The student loan system in New Zealand, to put it simply, is a double-edged sword.
While it allows numerous people access to tertiary education that they may not otherwise have, it also financially inhibits a lot of people from moving overseas – even temporarily.
Last week, news broke of a Kiwi woman detained at the airport for defaulting on loan payments while attempting to return to the US.
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She had been in New Zealand visiting her sick mother. This sparked a nation-wide debate about the student loan system, and how those returning home with a loan are treated.
Some are worried about speaking out: one UK-based borrower said she felt like she was in "student loan exile", too terrified to come home and visit her mother who is incredibly unwell.
As a Kiwi living overseas with a student loan myself, I understand how she feels.
When a graduate goes overseas with a student loan, they have six months to return to the country before they start accruing interest on their loan.
My student loan, for example, was almost $50,000 after four years.
As I am overseas, I have 4 per cent interest, or $2000, added to my loan amount every year.
Even if I pay the minimum annual repayment amount of 1.5 per cent, I won't even be making a dent in my original sum; nor will I even be close to paying off the additional interest – even after five years of repayments.
The added burden of interest on student loans means moving overseas has become a largely a privileged situation for anyone who has a tertiary education.
New Zealand is a country which raises its young people to aim for the world, teaches them that they can do whatever they want, and live wherever they want.
And yet, when it comes down to it, there are some major financial barriers to this. We have an amazing education system that is designed to propel us into the world, and a student loan process that facilitates this for all New Zealanders, but there is a major flaw - why are we clipping young people's wings just as they start to fly?
I am incredibly grateful that the New Zealand student loan system allowed me to get an undergraduate degree from the University of Otago, in turn helping me gain admission into a master's degree at the London College of Fashion. In 2018 I made the difficult decision to uproot my whole life, move to the UK, and immerse myself in the eat-or-be-eaten world that is the London journalism industry.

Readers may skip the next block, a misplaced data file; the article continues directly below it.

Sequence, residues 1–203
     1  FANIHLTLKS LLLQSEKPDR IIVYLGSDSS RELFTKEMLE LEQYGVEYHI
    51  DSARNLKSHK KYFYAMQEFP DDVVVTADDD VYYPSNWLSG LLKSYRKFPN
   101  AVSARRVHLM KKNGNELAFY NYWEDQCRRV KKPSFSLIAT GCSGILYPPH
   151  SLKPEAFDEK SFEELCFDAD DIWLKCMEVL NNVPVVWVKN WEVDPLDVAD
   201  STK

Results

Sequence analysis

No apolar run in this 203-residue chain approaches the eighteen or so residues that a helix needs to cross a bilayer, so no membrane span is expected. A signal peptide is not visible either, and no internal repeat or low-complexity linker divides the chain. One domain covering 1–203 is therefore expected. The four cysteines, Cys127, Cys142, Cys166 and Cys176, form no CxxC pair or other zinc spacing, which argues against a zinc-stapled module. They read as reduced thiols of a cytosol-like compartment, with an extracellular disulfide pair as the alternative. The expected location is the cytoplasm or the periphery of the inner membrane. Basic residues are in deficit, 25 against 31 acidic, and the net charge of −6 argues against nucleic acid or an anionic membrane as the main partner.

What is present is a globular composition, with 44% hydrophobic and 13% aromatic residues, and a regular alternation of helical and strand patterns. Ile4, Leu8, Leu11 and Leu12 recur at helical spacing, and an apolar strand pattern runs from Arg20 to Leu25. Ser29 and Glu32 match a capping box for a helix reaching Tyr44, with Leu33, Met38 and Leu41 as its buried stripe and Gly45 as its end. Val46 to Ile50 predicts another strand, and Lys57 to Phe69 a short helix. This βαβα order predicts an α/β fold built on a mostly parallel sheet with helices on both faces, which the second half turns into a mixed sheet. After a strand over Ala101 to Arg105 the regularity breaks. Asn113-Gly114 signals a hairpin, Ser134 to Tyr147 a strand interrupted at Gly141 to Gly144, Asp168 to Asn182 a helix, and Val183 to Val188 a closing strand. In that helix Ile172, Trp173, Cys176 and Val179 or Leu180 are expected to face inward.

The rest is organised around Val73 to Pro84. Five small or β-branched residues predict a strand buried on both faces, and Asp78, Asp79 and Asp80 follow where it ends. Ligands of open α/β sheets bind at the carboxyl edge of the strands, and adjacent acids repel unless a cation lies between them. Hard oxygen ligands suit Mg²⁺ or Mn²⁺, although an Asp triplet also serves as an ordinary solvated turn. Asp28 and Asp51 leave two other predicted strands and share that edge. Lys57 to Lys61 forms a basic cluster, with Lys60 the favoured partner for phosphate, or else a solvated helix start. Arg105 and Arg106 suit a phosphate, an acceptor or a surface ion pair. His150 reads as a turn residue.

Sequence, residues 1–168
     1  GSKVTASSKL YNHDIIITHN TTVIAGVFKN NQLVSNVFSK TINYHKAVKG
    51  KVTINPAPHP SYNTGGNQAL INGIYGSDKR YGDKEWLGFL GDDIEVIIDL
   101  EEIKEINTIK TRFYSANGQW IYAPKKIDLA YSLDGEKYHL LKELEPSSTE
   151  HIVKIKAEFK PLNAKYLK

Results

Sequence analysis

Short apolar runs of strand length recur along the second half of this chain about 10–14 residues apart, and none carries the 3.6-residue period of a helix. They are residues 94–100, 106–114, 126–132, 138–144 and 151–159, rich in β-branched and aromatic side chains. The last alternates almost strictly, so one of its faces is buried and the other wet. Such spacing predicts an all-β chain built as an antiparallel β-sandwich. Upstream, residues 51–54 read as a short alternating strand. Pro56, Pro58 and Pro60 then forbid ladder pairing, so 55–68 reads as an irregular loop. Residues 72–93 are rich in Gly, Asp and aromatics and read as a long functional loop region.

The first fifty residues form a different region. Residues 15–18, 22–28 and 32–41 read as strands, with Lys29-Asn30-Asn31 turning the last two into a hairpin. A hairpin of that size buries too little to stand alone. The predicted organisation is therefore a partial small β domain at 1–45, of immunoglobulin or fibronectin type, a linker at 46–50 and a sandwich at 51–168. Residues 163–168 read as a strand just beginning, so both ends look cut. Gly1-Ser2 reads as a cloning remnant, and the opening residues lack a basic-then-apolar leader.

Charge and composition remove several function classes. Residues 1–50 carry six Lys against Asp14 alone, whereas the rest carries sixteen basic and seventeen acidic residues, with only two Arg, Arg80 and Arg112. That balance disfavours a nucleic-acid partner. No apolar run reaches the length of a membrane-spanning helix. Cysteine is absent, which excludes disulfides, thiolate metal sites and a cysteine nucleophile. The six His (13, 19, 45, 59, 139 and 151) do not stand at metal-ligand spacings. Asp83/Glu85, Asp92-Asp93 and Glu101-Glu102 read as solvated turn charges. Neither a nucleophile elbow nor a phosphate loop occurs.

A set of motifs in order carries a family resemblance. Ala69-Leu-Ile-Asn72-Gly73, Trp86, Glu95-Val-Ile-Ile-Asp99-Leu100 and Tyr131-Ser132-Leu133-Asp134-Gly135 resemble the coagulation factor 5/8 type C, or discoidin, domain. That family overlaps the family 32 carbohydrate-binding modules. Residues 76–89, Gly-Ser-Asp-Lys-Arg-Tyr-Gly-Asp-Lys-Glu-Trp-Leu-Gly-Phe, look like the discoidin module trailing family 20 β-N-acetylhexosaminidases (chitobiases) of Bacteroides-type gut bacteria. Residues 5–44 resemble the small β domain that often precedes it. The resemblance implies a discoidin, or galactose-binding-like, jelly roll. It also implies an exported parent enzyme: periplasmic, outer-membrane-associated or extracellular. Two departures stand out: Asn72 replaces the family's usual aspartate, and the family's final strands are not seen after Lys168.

I was in an immensely privileged position being lucky enough to have parents who were willing and able to financially support me in making this decision.
Many others, however, do not have this benefit – the stress of student loan repayments can only add to the financial pressure that comes with moving overseas.
While my student loan gave me the platform to launch into this world, it has simultaneously financially punished me for making this decision to expand my learning opportunities.
In my experience, more often than not, young New Zealanders who move overseas end up returning within two to five years, bringing with them skills developed overseas in ways that aren't as possible in our smaller economy.
Far from a "brain drain", these people are bringing skills and economic benefit back into the country.
A close friend who moved to the UK a few years ago on a five-year visa says that, while she factors the repayments into her budget, she thinks "it's pretty unfair that our loan accrues interest, especially when we do make biannual repayments. It's as if we're being punished for moving overseas to enrich our careers."
We live in a small country. One that flourishes nevertheless, but one that does not have access to all the jobs, all the educational capabilities, all the opportunities, as larger, more populated countries.
Why wouldn't we want to encourage our young people to travel overseas, learn and develop their skills, experience a variety of cultures, and bring these teachings back home to New Zealand?